Zuppa Theatre’s Pop Up Love Party is a re-imagining of Plato’s Symposium, an analysis and merry toast to all forms of love, which are in perpetual conversation with one another and, in this play, competing for supremacy over one another as they are embodied by the Zuppa Theatre Collective of Sue Leblanc-Crawford, Ben Stone and Stewart Legere. The evening is a communal one at the very cool Lion and Bright Café, which combines delicious food and wine with an exuberant and heartful theatre.
This piece is very early in its process and needs some tighter shaping and focus and it seems like perhaps it might provide inspiration and insights that might morph the play into something completely different by the time it premieres here in Halifax in March, 2015. It is filled with potential and that is exciting, as developing new work and these newborn ideas have a specific magic that can be quite invigorating and captivating to watch.
The three performers give us speeches that are based on Plato’s text, but made personal and updated to suit our own time and they are compelling and poignant, funny, informative and thoughtful. There is a fun interlude featuring salty chocolates and plain yogurt (not mixed) and some musical stylings from Stewart Legere. These elements have the potential to be connected and intersected in an even more theatrical and thought provoking way- which I’m certain will be explored between now and March 2015.
I wanted to know why these theatre artists feel like we need to be reminded of the various facets of love, here in Halifax in the 21st Century. I wanted to know why we need to choose the truest definition or most compelling portrait of this love and why we must do it through Plato’s standards. I wasn’t sure what new ideas about love that Zuppa Theatre were bringing us to feast upon or what their commentary was on these ancient ideas of love and how or why we have dragged them with us through so much time. I also wanted to know what it was that Halifax needed to know specifically from Zuppa Theatre about love. Ben Stone and Stewart Legere often reprise their roles from their last show Tiny Vaudevilles as the ‘Aging, Fatherly Artist” and the “Young, Perhaps Usurping, Artist,’ which is always a funny gag, but I wanted there to be a stronger reason for why this dichotomy was imperative in Symposium and its musings of love.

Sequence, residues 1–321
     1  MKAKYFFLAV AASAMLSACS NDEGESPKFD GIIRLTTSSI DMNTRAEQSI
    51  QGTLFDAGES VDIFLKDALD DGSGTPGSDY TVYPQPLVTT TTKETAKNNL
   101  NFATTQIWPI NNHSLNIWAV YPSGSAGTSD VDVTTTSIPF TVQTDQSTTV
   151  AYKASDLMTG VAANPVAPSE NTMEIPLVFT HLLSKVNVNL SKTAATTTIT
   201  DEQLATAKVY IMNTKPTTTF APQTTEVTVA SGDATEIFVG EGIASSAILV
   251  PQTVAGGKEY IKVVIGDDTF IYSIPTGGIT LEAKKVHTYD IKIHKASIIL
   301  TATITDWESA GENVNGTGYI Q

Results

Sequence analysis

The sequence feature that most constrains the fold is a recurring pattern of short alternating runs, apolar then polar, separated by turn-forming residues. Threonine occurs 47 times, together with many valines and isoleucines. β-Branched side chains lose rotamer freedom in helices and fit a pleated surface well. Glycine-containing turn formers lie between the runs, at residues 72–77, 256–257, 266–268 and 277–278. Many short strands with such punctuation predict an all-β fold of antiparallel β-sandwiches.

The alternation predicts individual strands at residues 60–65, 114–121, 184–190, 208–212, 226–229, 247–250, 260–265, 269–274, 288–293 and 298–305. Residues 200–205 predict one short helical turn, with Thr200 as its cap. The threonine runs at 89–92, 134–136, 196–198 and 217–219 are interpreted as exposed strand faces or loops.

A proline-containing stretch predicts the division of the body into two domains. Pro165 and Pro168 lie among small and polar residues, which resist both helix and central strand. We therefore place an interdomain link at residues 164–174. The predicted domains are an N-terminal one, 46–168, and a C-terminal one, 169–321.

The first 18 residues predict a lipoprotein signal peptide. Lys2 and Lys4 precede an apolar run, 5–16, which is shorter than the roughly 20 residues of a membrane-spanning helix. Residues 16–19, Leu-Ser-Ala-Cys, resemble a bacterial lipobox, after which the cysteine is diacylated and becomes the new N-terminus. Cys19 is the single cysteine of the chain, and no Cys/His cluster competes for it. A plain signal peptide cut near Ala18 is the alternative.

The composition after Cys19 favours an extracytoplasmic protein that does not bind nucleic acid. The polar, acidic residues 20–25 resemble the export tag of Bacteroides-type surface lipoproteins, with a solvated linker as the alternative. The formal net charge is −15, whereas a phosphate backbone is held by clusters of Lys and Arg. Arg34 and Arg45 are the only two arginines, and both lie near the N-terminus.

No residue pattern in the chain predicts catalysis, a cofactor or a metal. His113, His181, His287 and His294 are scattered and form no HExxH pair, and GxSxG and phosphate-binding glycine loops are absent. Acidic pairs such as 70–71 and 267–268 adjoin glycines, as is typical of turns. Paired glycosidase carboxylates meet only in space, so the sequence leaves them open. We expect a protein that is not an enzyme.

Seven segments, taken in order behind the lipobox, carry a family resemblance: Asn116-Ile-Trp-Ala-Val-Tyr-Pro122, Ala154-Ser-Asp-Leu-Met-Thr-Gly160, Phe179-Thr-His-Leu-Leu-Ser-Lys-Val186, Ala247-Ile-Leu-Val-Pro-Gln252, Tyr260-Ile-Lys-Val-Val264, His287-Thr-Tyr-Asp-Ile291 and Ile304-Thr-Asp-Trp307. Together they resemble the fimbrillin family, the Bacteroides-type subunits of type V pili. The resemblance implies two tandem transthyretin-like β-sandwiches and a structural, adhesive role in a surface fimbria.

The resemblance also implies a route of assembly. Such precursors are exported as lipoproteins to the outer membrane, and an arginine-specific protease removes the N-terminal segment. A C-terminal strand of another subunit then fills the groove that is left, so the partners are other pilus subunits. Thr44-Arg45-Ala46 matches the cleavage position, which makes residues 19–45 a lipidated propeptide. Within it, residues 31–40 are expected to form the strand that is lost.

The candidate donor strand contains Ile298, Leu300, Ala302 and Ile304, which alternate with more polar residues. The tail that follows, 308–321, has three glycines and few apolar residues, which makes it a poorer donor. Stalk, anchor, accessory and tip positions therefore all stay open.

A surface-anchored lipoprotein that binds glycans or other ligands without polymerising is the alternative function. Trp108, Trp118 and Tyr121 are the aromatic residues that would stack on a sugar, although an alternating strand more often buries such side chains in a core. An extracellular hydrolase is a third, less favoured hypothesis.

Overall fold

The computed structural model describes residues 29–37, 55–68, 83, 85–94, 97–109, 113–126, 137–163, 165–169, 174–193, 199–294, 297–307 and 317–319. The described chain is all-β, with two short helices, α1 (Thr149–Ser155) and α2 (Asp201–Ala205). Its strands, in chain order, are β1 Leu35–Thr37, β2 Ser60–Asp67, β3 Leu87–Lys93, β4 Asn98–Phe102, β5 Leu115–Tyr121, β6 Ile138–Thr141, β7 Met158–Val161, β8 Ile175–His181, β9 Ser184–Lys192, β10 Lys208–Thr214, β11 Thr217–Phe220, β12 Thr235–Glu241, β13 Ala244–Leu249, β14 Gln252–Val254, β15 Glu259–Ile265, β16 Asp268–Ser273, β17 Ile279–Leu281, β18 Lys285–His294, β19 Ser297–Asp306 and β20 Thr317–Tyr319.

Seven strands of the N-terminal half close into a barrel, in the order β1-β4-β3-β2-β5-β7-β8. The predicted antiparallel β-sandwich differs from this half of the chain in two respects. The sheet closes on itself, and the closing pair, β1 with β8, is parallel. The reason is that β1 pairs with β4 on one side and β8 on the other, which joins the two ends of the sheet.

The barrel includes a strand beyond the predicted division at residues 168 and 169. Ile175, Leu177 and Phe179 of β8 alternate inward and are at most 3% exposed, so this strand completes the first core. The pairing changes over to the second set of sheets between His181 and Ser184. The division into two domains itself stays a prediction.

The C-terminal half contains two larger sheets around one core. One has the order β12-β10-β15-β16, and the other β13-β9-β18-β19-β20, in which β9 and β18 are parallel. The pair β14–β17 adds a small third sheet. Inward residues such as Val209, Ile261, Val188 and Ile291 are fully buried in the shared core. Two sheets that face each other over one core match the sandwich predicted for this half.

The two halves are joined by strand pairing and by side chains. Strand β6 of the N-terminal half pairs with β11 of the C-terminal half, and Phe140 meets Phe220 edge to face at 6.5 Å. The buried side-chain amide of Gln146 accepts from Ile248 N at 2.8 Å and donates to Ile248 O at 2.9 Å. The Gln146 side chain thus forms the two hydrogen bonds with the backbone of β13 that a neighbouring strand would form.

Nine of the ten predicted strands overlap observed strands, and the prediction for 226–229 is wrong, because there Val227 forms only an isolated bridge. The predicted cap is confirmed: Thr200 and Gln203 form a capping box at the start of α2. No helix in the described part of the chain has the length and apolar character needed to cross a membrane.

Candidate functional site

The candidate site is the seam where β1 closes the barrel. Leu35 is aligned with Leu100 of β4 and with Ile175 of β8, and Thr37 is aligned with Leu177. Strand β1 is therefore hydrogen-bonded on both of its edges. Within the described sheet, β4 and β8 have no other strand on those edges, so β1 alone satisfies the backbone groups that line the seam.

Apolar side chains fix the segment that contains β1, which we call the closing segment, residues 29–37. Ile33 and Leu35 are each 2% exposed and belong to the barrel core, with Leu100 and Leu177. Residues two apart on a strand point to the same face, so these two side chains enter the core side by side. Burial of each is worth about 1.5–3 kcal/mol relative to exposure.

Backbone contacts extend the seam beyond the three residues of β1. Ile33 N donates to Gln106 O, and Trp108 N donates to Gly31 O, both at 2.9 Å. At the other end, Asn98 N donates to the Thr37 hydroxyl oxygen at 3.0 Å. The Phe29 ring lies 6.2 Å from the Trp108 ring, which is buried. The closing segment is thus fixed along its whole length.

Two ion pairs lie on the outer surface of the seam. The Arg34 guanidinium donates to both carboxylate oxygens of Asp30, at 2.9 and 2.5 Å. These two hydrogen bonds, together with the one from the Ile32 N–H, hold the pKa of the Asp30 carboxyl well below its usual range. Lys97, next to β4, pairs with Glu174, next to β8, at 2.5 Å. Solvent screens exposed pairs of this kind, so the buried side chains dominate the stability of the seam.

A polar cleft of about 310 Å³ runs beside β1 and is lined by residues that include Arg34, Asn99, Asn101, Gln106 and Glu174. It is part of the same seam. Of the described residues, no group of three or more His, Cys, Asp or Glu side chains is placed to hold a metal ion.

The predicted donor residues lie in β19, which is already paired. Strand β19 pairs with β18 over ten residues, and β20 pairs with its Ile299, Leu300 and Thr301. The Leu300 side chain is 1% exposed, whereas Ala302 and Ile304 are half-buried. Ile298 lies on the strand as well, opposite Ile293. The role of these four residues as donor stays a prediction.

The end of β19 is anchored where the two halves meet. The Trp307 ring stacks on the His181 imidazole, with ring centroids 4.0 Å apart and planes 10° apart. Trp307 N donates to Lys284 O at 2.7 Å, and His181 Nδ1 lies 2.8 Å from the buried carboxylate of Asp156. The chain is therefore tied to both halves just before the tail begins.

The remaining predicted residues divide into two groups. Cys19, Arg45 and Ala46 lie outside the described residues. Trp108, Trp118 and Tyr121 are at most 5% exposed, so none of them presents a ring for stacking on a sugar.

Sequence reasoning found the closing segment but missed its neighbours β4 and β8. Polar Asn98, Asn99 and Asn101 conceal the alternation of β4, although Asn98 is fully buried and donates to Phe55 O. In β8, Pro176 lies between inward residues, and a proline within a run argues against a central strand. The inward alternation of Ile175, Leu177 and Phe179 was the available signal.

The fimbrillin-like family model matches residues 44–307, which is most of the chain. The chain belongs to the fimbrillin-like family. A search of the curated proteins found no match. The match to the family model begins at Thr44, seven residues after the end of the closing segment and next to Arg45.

As a party, this show brings people together in a lovely way and is quite entertaining, although as Zuppa Theatre’s contrition to the Magnetic North Theatre Festival I was a little disappointed that this show hasn’t yet found the Zuppa distinctive style, voice and theatricality that has been so imperative to their past work, so it is not an ideal introduction to Zuppa Theatre for Artists who are encountering them for the first time. It captures their love of process and their bravery and sense of silly wild abandon mixed with solemnity for sure, but I wonder if it would have been better for a National Festival to save the Love Party for 2015 and to remount an older show that really showcases the company at their finest.
The Pop Up Love Party played as part of the Magnetic North/ Stages Theatre Festival and has closed.